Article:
- Design Team:RV Architecture
- Building:Sven and Lennart de Jong (the owners)
- Constructor:IBT engineers
- Building Physics Energy:Weenink engineers
- Building Physics Acoustics:Groenewold Adviesbureau voor Milieu en Natuur
- Environmental Advisor:Pasmaat advies
- Country:The Netherlands
Text description provided by the architects. The transformation of the watertower in Nieuw Lekkerland by RV Architectuur, won the Dutch Watertowerprize 2020. The prize is awarded every year to owners of the best transformed watertower. This year the honour goes to two cousins. Both born and raised in a house right next to the watertower. In the year 2013 - only aged 21 at the time - they managed to buy the tower. The idea was to work gradually on the transformation during the next 10 years. Yet they did intend to start living in the tower as soon as possible. And not just by themselves. In the meantime, they both got married and started a family. Now the proud parents of 2 children each.
The tower and the area surrounding the watertower has totally been rebuild by their own hands for a relatively modest budget. They remodelled the tower and its surroundings totally according to their own taste. Apart from the effort and grit of the owners the jury of the Dutch Watertowerprize highlights the role of the architectural intervention that underlies the transformation. In their words:
“The basis of the successful transformation is formed by the powerful design of Ruud Visser and Fumi Hoshino. Huge floor-to-floor windows looking out over the river De Lek and the Dutch polder landscape contribute to the quality of the spaces inside and fit perfectly with the robust appearance of the watertower. It is refreshing to see that such an inspiring transformation can be realized with a small budget”
"The motto of the architects during the design process was: 'Do not change a water tower into a house, yet live in a water tower'. and exactly this was the strength of this transformation!” The watertower is situated on a dike just outside the village Nieuw Lekkerland. It is built in 1915. The view from the tower is breathtaking. On one side of the tower you look out over the river De Lek, on the other side one has a view on the typical Dutch polder landscape with its many windmills. On a bright day you can even see the windmills of Kinderdijk.
The design-study evolved around two main challenges: 1. How to create openings in the facade for daylight, without loosing the character of the watertower?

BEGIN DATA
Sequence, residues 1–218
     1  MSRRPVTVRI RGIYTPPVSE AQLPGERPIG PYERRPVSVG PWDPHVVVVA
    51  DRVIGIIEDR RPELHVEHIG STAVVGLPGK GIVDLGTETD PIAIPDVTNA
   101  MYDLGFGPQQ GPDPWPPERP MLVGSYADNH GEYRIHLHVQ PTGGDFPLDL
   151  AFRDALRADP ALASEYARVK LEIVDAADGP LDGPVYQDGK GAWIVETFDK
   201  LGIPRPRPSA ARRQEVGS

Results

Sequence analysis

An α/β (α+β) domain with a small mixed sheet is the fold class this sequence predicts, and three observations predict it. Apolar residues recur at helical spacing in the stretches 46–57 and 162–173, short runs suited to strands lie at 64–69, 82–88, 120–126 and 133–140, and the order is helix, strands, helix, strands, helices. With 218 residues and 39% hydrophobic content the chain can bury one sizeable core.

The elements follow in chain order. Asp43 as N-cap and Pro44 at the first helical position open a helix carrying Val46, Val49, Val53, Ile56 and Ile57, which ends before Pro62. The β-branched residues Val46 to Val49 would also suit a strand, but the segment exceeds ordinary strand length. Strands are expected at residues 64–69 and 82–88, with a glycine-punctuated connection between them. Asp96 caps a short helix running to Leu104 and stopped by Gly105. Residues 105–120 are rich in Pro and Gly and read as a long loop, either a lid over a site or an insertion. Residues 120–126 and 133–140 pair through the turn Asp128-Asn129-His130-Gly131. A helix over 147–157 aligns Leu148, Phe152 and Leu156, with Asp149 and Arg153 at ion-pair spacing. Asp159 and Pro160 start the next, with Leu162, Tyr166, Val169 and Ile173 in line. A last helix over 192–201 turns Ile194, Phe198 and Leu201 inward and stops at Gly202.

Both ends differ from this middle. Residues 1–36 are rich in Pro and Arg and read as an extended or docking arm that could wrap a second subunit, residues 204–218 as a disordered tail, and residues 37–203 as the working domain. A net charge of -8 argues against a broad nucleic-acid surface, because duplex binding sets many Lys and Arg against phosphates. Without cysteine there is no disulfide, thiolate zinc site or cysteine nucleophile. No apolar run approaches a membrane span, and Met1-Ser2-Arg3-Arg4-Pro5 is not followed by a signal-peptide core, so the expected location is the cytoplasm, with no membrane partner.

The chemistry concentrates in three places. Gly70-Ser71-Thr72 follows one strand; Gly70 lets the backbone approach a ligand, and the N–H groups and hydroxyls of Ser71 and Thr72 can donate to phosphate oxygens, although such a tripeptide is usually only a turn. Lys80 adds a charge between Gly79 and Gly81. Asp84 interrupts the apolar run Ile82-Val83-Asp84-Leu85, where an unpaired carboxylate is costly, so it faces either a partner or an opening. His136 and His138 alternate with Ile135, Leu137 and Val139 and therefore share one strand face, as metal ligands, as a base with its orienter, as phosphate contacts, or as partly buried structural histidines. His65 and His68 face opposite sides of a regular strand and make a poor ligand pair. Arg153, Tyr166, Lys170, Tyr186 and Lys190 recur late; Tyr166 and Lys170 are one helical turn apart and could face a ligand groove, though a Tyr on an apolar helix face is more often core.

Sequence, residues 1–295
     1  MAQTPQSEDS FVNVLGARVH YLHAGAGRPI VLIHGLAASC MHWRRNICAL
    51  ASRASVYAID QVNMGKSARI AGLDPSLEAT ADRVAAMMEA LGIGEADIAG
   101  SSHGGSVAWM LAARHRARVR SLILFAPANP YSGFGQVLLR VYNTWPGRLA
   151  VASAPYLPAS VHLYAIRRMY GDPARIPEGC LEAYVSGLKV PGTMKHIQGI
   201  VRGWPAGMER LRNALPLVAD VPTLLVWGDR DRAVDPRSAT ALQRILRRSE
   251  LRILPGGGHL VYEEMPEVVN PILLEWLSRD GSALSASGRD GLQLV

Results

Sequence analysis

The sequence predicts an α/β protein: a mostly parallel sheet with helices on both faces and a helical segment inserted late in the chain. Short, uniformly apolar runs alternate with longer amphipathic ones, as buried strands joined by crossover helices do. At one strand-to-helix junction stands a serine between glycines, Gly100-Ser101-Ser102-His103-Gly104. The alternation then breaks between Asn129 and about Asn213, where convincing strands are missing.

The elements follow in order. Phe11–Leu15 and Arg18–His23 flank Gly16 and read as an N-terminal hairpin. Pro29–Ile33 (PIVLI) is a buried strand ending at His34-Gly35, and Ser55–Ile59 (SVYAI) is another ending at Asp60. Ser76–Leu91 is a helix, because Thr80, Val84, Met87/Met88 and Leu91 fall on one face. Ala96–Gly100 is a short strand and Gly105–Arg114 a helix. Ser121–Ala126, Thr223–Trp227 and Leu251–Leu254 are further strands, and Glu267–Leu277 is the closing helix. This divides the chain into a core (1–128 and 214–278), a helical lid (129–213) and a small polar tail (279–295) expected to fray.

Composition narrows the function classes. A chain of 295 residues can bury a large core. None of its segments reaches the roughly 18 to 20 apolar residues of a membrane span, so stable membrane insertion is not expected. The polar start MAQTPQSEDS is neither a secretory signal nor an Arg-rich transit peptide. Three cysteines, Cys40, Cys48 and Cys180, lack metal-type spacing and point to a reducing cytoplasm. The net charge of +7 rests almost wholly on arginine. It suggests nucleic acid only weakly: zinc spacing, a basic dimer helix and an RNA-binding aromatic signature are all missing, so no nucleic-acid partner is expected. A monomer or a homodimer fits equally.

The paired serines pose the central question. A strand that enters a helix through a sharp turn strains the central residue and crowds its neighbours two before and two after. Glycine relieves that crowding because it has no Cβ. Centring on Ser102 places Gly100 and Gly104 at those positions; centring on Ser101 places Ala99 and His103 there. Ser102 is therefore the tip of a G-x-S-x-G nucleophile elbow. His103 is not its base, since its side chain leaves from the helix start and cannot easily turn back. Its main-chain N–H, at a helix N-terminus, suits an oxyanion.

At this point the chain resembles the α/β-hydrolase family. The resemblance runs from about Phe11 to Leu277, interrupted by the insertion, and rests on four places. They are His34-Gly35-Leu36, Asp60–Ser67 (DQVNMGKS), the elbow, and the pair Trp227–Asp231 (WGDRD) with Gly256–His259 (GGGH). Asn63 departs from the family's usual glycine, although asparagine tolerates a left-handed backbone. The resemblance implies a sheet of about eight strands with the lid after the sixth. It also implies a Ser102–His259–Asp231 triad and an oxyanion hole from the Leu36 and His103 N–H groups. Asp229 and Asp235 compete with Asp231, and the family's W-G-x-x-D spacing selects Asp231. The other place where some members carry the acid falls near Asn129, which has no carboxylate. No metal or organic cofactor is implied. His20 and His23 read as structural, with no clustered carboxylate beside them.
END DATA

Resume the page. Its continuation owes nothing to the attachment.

After a thorough study it was concluded that the the diamond-formed windows in the facade are essential to the character of this particular watertower. These diamond-formed windows must be conserved. However the newly planned openings must not follow the same zigzag patron of the diamond-formed windows. It was better to let the new openings 'dance around' it. The exact position of these new openings were defined by the housing-plans.
2. How to create a housing-plan that celebrates living inside a water tower, as opposed to one that turns the watertower into a 'normal' residential house? The housing-plan in this hexagonal tower with a diameter of 9 meters must meet all the housing and building regulations. Yet the ambition was to also celebrate 'living inside this unique watertower'. The tower will be divided into three sections: the garden-room of double height, and two dwellings of two floors on top of it. Every dwelling has two floors: a floor with living areas and a floor with sleeping-areas. Each section has another view of the landscape. Walking around spirally through the tower opens up a full panoramic view. So, one dwelling is looking over the river, the other over the polder and the garden-room is fixed to the garden. Each dwelling has its unique floorplan. The specific view dictates the orientation of the floorplan and both construction and layout are shaped completely in line with this.
The openings in the facade will be screened on the outside of the sleeping areas with vertical wooden lattices. The wooden lattice screen will function as a curtain for the sleeping areas.